SEATTLE — The American soccer coaching ranks have seen some impressive accomplishments in 2019, including Jill Ellis’ second World Cup triumph, Jesse Marsch’s success in Europe with Red Bull Salzburg, and Bob Bradley’s record-setting efforts with MLS Supporters’ Shield winners Los Angeles FC.
Two other top American coaches will face off on Sunday in the MLS Cup final, with Toronto FC’s Greg Vanney and Seattle Sounders Brian Schmetzer matching wits for the third MLS Cup in four years. They have each tasted championship glory, with Vanney’s TFC side triumphing in 2017 and Schmetzer’s Sounders winning in 2016, but Sunday will put one of them into the rarified air of multiple MLS Cup winning coaches, joining Bruce Arena, Sigi Schmid, Domninic Kinnear and Frank Yallop.
Schmetzer and Vanney were classmates in the second U.S. Soccer Pro License Coaching Course, part of a 17-coach group that also included Marsch and Ellis. Their second MLS Cup final meeting came just before they graduated from that course, and it was Vanney who got the better of Schmetzer, deploying TFC in a 4-4-2 diamond formation that effectively neutralized Seattle’s attack.
“Look, they outplayed us in 2017. There’s no question,” Schmetzer told SBI. “The thing I remember about that game was it had a little bit of a similar feel to 2016. They were outplaying us. They were at home. They were keeping the ball. We didn’t seem to find our footing.
“In 2016 we didn’t break, we didn’t get a goal scored against us,” Schmetzer said. “As soon as Jozy (Altidore) scored that goal (in the 2017 MLS Cup final), it was like the 63rd minute, and I remember feeling like ‘Oh crap’, we really need try to come up with something. It was just not a good game for us.”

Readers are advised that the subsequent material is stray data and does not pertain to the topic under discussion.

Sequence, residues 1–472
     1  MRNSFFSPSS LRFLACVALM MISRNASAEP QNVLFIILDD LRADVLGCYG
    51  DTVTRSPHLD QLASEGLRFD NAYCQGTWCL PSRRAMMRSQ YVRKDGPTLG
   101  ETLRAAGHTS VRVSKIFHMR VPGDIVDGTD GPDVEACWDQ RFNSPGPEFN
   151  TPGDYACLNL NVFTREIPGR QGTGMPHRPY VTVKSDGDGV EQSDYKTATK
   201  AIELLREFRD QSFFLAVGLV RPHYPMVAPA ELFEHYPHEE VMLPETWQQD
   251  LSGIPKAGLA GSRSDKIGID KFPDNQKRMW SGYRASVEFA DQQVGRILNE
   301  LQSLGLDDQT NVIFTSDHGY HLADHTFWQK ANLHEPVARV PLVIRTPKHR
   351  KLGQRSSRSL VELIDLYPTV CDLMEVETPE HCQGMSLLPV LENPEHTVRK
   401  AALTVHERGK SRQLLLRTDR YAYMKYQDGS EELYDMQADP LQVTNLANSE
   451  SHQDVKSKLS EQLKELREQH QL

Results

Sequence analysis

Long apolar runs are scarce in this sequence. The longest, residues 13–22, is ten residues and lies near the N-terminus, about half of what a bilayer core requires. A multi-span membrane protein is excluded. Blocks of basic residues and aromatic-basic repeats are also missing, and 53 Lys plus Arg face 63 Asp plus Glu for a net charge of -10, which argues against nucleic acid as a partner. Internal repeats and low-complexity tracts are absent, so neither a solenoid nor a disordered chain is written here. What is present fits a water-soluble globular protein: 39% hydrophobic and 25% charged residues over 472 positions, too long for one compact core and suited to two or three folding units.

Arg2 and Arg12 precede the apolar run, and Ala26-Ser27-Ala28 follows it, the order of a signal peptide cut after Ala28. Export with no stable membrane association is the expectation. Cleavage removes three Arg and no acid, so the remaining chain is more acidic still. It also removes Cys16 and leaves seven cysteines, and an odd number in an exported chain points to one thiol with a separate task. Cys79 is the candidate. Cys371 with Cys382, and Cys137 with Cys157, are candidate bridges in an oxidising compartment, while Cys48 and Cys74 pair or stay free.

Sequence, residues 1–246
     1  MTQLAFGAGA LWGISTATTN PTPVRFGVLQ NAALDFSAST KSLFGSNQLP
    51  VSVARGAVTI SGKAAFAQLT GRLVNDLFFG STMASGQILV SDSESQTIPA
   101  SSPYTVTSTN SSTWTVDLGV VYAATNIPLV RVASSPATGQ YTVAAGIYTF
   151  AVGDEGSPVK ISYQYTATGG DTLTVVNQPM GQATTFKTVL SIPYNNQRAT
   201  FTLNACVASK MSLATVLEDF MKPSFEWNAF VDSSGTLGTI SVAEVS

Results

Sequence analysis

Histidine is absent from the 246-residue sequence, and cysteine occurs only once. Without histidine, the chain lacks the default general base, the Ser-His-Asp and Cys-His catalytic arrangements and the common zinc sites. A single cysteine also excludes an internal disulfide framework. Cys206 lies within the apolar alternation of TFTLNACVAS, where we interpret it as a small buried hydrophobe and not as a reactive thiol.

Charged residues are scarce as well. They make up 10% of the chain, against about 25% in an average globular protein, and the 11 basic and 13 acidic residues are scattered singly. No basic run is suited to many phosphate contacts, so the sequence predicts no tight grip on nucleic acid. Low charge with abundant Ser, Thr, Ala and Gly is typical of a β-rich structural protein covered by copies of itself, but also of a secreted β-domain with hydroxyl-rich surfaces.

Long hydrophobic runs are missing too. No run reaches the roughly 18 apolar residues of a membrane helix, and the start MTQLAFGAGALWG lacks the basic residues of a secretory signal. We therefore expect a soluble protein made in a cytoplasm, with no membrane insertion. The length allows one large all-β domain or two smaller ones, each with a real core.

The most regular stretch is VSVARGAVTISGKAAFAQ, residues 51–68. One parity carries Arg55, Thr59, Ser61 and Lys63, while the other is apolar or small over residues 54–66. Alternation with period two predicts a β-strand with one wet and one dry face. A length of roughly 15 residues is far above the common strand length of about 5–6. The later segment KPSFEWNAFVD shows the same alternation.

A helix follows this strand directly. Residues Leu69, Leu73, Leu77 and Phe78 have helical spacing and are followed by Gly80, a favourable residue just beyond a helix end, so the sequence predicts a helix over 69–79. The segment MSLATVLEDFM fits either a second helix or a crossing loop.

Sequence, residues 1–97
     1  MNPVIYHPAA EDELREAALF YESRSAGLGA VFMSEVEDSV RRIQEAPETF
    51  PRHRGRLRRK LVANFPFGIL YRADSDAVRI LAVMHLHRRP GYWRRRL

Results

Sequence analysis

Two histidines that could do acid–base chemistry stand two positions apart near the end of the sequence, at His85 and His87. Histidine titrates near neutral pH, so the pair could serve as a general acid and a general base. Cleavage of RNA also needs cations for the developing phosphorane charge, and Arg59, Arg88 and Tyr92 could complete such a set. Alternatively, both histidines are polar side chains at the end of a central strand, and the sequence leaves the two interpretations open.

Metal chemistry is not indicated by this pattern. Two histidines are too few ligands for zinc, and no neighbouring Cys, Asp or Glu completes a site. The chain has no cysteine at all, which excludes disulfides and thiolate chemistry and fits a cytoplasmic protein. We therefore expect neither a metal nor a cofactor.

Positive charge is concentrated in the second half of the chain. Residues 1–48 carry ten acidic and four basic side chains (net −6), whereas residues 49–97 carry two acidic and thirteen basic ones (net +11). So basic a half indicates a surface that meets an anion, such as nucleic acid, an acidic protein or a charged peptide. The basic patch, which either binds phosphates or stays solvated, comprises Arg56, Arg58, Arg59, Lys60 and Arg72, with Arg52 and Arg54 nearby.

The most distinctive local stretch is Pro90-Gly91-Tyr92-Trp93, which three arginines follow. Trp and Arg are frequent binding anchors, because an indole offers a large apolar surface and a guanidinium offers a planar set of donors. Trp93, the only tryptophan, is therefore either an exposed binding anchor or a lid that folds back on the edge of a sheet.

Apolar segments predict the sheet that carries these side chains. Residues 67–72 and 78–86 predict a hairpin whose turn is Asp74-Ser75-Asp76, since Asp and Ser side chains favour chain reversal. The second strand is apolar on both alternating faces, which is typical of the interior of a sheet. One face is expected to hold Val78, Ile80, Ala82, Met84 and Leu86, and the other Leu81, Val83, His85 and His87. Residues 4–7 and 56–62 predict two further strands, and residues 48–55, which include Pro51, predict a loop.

While you can argue that Vanney got the better of Schmetzer in 2017, it was Schmetzer who masterminded the defensive gameplan that helped Seattle neutralize a heavily-favored TFC side in the 2016 final.
Since that first meeting, Vanney has gone on to help lead TFC to multiple pieces of silverware, developing a reputation for being bold with his tactical maneuvering, both in terms of deploying effective systems to start the match, and making dramatic changes when the match calls for them.
“Greg, over the years, has shown he’s a little bit more willing to take risks,” Schmetzer said. “I’m a little more conservative maybe. My changes are more maybe personnel versus system based. Against Atlanta he went four, then five in the back, so he’s not afraid to take risks, which is something I admire. It’s something he’s done and he’s had success with it.”
“It’s kind of how I perceive the game, even as a player,” Vanney said of his coaching style. “I saw the game sort of that way. Even when I played it, at one point I was a central midfielder, at one point I was a striker, a left back, centerback, so I played in a lot of different roles.
“For me, trying to manipulate the game for my strengths was always a part of how I played the game, so as I try to coach I want a team that can adapt, and a team that can recognize situations and problem-solve, whether it be with the ball or without the ball. I try to leave that as much up to them as possible.